So, now you know what those large Terbyte stats, hours and decimal point details are on the average SSD datasheet. So where do the Seagate Firecuda 530 and Sabrent Rocket Plus stand on this:

Brand/Series Seagate Firecuda 530

Sabrent Rocket Plus

500GB Model ZP500GM3A013 N/A
Total Terabytes Written (TBW) 640TB  
Mean Time Between Failures (MTBF, hours) 1,800,000  
DWPD 0.7DWPD  
1TB Model ZP1000GM3A013 SB-RKT4P-1TB
Total Terabytes Written (TBW) 1275TB 700TB
Mean Time Between Failures (MTBF, hours) 1,800,000 1600000
DWPD 0.7DWPD 0.4DWPD
2TB Model ZP2000GM3A013 SB-RKT4P-2TB
Total Terabytes Written (TBW) 2550TB 1400TB
Mean Time Between Failures (MTBF, hours) 1,800,000 1600000
DWPD 0.7DWPD 0.4DWPD
4TB Model ZP4000GM3A013 SB-RKT4P-4TB
Total Terabytes Written (TBW) 5100TB 3000TB
Mean Time Between Failures (MTBF, hours) 1,800,000 1600000
DWPD 0.7DWPD 0.4DWPD

The MTBF figure, although different by around 200,000 hours, is less important. The real focus here needs to be that DWPD/TBW figure, as not only does that clearly indicate that the Seagate Firecuda 530 can comfortably be rewritten by more than half of its capacity daily (close to twice that of the Sabrent Rocket Plus), but this combined with the high IOPS ratings at 1M random R/W mentioned earlier mean that this is a drive that (based on these reported stats of course) is clearly going to be the longer-lasting drive in terms of both operation and performance. If your motivation for upgrading your storage and/or system to a PCIe 4.0 NVMe M.2 system was for faster task/operation completion in an environment where time = money, then the Seagate Firecuda 530 is clearly the better choice here over the Rocket Plus from Sabrent.

 

Sabrent Rocket Plus vs Seagate Firecuda 530 – Conclusion

In all of my Seagate Firecuda 530 comparisons so far, this is the one that has been the most one-sIded in its conclusion. The Sabrent Rocket Plus is an impressively designed drive and to introduce this drive into the market against bigger brands like Samsung, WD and Seagate in this highly Prosumer/Enterprise market (especially now NVMe Fabric is becoming a ‘thing’) cannot be ignored in it’s ambition Likewise, they have introduced the Rocket Plus series into the market before competitor drives in the MSI M480, Adata S70 and Gigabyte Aorus, managing to garner a huge amount of recognition and kudos. However, their high performance and architecture are let down by comparatively less ensuring NAND and internal handling that ends up hugely shadowed by the Firecuda 530. Likewise, I genuinely feel that Sabrent would benefit from offering consumers 250GB and 500GB models, to act as gateways into their brand, as well as facilitating end-users whose demands for daily rotational writes and sustained hour-by-hour performance will be much lower. However, one simply cannot ignore the specifications supplied by both official brands on the capabilities of their PCIe NVMe 4.0 M.2 SSDs and clearly the Seagate Firecuda 530 wins the day here comfortably.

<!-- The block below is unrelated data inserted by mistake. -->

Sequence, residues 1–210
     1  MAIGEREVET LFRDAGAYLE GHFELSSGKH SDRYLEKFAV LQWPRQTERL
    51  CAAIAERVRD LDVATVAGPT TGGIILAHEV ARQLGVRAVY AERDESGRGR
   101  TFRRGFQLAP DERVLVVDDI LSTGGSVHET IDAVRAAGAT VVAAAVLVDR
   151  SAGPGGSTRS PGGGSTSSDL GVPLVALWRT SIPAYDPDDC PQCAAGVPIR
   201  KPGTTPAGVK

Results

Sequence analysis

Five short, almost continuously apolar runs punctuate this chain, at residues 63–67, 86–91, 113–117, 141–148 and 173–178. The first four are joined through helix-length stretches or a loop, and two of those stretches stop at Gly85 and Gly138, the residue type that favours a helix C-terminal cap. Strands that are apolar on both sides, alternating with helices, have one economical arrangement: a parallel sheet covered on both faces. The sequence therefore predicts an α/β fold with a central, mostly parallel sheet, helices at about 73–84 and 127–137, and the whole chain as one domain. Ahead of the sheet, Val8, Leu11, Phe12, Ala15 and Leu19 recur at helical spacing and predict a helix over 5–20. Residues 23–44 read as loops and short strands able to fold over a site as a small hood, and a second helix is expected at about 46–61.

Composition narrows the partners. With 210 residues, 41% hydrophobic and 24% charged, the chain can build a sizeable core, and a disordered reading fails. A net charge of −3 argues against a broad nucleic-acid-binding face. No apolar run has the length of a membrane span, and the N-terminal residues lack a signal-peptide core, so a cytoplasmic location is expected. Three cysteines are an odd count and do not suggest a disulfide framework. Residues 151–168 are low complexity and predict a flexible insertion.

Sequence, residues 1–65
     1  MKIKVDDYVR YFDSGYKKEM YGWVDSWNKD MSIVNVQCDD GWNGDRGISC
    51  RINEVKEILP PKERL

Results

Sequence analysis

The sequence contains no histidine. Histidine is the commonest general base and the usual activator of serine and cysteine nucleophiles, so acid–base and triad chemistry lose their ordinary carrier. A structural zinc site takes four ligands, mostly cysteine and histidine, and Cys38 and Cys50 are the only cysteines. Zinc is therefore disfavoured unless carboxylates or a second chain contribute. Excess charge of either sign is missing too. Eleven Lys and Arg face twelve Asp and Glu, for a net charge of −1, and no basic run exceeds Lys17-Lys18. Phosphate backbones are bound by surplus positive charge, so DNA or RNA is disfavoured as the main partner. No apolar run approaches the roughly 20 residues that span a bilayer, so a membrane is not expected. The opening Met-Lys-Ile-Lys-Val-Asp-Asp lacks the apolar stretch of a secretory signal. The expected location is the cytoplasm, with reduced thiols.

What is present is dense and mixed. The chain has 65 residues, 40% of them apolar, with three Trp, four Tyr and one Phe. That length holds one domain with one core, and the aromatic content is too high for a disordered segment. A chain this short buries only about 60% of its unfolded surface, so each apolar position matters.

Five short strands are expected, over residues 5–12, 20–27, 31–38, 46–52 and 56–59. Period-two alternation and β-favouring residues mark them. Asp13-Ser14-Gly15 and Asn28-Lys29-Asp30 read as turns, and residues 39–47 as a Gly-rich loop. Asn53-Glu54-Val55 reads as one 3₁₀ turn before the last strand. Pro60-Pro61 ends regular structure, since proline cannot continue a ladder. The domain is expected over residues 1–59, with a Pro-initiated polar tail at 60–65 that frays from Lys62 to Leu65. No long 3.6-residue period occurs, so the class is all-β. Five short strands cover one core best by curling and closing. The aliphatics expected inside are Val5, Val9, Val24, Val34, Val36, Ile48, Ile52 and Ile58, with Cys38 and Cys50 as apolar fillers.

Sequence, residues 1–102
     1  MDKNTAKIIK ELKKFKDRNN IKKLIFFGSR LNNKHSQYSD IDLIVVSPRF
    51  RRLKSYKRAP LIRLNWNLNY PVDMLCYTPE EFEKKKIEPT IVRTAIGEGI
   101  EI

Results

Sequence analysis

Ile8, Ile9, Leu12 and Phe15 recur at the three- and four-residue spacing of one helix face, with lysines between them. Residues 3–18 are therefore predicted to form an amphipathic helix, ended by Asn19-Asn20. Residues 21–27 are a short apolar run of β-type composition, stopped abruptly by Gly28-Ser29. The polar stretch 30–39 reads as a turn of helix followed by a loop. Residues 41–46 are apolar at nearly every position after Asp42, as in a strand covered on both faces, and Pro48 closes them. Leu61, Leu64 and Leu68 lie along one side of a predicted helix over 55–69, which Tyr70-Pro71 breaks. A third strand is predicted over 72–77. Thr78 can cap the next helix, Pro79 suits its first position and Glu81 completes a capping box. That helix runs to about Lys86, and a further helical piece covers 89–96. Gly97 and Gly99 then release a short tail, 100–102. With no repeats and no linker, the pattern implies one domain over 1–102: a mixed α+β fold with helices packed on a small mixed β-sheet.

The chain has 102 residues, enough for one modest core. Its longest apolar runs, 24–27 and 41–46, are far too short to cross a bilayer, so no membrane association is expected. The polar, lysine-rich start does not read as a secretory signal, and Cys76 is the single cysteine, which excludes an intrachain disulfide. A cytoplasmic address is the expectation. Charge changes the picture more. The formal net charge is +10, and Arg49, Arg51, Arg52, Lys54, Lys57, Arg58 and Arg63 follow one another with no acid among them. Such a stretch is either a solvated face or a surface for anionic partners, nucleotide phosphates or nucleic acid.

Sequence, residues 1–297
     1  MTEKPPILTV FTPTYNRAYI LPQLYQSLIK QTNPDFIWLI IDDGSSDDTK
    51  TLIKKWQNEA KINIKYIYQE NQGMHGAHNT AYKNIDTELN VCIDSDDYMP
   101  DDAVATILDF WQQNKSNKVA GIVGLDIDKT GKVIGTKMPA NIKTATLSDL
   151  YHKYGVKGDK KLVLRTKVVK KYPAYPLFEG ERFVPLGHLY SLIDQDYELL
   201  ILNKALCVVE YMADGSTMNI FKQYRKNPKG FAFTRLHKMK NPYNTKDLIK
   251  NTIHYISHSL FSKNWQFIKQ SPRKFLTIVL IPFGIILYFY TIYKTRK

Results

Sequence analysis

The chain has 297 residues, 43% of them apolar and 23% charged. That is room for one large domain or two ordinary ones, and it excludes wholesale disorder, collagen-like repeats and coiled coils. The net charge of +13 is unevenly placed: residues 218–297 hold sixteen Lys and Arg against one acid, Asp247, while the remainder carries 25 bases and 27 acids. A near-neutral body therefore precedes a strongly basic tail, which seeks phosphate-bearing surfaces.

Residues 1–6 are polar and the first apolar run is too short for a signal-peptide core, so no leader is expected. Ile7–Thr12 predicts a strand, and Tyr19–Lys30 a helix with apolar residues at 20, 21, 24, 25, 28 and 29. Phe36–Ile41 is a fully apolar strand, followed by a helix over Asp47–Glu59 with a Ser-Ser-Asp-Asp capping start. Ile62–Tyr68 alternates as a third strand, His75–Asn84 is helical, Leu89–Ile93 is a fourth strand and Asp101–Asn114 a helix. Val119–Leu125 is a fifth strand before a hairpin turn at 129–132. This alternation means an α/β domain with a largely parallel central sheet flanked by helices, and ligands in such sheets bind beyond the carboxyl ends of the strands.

Brand/Series Seagate Firecuda 530

Sabrent Rocket Plus

Best Performance  
Best Endurance/Durability  
Best Price for TB  DRAW DRAW
Best Extras  
Best Value  
Where To Buy

 

 


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Buyers Guide to Seagate M.2 NVMe SSDs – Barracuda, Firecuda and Ironwolf

19 juillet 2021 à 01:13

Choosing The Right Seagate m.2 SSD – Difference Between Firecuda, Barracuda and Ironwolf

If you are making the move from regularly SATA storage and over to the newest generation of super-fast NVMe SSD, whether it is for gaming, video editing or professional streaming, then you can suddenly be faced with an overwhelming amount of information as you trawl through the remarkably complex world of M.2 PCIe storage drives. Although many brands feature various types of M.2 NVMe media in their portfolios, few have kept things as clearly defined as Seagate. Their SSD range from home, to business and to enterprise, so today I want to go through the current five types of NVMe drive they offer in 2021/2022 and help you decide which one best suits your needs.

IMPORTANT – Remember, this is not strictly about the BEST NVMe SSD (though that is highlighted), this is about helping you which M.2 NVMe best suits YOUR needs, so in some cases, the SSD that is half the price of the others or less enduring, might still be more than suitable for you. Additionally, these are ALL M.2 NVMe SSDs, so NOT SATA M.2s (which cannot exceed 500-600MB/s). So double-check your PC/Laptop/Console supports NVMe M.2 SATA before buying anything! Lastly, ALL of the drives in today’s comparison of NVMes are 2280 in length (though longer and higher capacity 22110 models might have been released later in the year when you are reading this, so check you have a PCIe M.2 NVMe slot that can fit the drive you buy!

Seagate Firecuda, Barracuda and Ironwolf NVMe SSDs – Intended Use

Before going any further though, it is important to understand what each of the Seagate Naming conventions represents. I published a full Seagate SSD Buyers Guide last year (covering their entire range of SSDs), but when it comes to NVMe, their individual series can be detailed as follows:

Seagate Barracuda Q5 & 510 – This is their range of drives for standalone computer use. So, office computers, day to day tasks and your base operating system. They are sturdy, reliable drives that arrive at one of the most affordable tiers and give you fairly standard and performance, durability and endurance. It is worth highlighting that the Barracuda 510 appears to be slowly phasing out and leaving the Barracuda Q5 to be the only NVMe at this tier. Remember that the Q in Q5 represents the use of QLC (Quad Layer Cell) NAND. This will be important later.